This novel was a quick two-gulp read, as I “listened” to Paula Spencer nee O’Leary tell how she became a beaten wife and how she managed, somehow, to escape. Roddy Doyle has done a splendid job of creating speech that can be heard in one’s mind, and he makes Paula’s false starts, repetitions, digressions, profanities, and recollected conversations work together to produce what seems an honest, long series of confessions and confidences to herself, a friend, and a social worker/psychiatrist.

The woman who walked into doors - Paula Spencer, who was married for 18 years to Charlo Spencer, who she threw out and who killed a woman and who was shot by the Guards... Paula loves Charlo and doesn't. In the book Paula looks back at her past. We find out the truth about the relationship between her and Charlo little by little.

Roddy Doyle is an expert on creating sympathetic characters. Paula too is sympathetic, even thou she is an alcoholic and a woman with a lot of problems, a woman who has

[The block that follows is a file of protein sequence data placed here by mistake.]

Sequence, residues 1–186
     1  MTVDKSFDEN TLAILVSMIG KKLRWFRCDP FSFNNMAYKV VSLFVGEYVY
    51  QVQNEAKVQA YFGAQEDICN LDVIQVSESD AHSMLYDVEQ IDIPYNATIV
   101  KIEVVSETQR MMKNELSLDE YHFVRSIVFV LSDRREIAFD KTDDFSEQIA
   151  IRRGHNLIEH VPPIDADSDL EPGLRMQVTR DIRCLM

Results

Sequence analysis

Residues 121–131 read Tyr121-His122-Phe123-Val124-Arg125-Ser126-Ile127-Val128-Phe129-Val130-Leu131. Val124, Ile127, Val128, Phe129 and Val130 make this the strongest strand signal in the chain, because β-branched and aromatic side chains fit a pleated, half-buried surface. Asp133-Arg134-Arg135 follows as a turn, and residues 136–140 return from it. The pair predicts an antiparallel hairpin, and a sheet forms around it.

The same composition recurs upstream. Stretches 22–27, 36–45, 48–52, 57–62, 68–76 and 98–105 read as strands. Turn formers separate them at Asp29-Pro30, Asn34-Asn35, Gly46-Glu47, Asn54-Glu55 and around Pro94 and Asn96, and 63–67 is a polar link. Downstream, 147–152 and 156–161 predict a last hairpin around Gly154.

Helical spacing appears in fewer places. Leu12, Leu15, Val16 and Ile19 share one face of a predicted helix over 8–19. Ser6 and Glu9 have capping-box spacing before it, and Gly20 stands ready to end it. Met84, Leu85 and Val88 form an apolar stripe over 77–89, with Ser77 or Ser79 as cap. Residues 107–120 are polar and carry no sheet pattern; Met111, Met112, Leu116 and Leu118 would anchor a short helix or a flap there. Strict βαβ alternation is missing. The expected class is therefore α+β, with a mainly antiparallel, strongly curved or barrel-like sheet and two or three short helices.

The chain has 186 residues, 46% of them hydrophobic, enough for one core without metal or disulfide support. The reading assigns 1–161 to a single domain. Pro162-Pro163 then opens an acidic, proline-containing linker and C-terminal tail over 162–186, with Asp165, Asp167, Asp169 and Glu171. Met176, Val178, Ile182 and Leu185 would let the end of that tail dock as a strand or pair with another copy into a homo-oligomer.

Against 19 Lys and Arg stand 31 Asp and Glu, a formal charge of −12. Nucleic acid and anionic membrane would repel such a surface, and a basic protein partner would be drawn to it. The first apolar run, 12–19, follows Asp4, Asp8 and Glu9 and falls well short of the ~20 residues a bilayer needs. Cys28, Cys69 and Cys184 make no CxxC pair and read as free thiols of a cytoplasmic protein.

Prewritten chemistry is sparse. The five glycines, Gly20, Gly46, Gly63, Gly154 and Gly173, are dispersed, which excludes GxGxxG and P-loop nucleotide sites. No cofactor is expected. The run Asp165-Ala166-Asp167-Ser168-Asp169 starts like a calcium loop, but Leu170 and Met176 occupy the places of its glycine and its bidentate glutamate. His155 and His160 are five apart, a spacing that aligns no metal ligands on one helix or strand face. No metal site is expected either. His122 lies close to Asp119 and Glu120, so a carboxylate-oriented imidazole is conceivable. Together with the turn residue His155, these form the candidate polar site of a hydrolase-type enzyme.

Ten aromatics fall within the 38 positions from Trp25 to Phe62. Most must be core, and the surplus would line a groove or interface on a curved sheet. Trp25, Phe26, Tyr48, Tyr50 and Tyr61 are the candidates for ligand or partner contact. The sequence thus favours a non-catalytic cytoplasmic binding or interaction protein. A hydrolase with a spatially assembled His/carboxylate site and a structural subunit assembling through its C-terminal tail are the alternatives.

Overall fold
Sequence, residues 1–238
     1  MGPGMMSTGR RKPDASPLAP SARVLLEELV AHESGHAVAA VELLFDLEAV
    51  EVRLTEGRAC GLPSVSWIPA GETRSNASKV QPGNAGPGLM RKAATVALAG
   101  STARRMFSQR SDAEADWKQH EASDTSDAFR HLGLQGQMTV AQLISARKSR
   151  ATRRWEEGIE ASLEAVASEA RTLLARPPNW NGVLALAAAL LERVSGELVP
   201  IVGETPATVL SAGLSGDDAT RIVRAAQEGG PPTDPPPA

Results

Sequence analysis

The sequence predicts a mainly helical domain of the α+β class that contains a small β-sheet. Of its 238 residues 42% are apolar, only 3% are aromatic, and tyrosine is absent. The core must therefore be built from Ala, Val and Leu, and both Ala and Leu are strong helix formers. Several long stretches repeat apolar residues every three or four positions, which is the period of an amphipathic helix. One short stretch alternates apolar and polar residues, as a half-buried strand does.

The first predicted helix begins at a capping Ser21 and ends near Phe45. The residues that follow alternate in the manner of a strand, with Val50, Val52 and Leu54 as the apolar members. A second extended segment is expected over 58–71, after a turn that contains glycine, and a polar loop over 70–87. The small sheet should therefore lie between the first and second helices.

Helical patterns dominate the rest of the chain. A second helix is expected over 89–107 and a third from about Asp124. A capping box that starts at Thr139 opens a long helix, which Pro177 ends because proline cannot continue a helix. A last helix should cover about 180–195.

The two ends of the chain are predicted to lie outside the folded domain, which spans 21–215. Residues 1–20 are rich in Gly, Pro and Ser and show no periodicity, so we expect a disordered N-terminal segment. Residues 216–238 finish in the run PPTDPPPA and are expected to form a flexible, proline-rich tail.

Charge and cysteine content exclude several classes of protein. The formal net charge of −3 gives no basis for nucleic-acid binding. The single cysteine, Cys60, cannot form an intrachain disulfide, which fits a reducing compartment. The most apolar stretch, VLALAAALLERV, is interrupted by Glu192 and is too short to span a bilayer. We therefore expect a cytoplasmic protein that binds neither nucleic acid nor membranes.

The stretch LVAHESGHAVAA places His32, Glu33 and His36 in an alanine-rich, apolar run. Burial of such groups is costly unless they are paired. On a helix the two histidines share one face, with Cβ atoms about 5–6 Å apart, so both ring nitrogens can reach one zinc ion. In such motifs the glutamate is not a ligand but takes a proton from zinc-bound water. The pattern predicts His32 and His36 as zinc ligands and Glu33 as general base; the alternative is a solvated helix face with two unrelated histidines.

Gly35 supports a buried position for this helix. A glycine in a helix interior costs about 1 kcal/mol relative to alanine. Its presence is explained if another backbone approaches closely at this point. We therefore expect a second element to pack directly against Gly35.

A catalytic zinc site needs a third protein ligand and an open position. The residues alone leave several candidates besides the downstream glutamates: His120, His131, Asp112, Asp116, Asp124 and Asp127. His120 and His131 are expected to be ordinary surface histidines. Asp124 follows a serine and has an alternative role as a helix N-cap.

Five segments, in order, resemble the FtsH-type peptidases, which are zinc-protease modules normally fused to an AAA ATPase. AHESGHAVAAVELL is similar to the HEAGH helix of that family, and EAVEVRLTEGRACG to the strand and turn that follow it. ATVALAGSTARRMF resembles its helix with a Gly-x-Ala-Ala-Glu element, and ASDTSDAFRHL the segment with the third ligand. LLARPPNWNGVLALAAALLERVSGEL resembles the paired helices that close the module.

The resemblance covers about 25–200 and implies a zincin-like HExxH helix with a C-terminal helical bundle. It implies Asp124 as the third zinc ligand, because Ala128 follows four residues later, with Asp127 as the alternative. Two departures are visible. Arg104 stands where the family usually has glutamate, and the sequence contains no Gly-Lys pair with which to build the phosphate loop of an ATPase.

“—God--; I’m sorry—" (45). **What a use of the semi-colon!
“They laughed at girls fighting even though they were scared; girls fought to maim and kill. Girls didn’t box…Boys pretended; girls didn’t. Boys pretended that girls couldn’t fight and everybody believed them. I was a great fighter. Nobody cared” (49).
“I wouldn’t have minded if he had pulled me behind a wall. But he didn’t. He respected me. He’d do that to me later” (53).
“Fellas were like easy crosswords; you knew the answers before you f
First, I'll admit that I am currently on page 79 of 226. If I had to rate my desire to keep reading from one to ten, ten being the most compelled to go on, I'd have to say that I'm about at -57.

Next, let me get this out of the way. I'm no prude, and I occasionally enjoy cursing like a sailor. But even I was shocked by Mr. Doyle's overuse of the words f* and c&*#. So much so, in fact, that I can't bring myself to retype the words because I'm so over-exposed to them. The volume of cursing was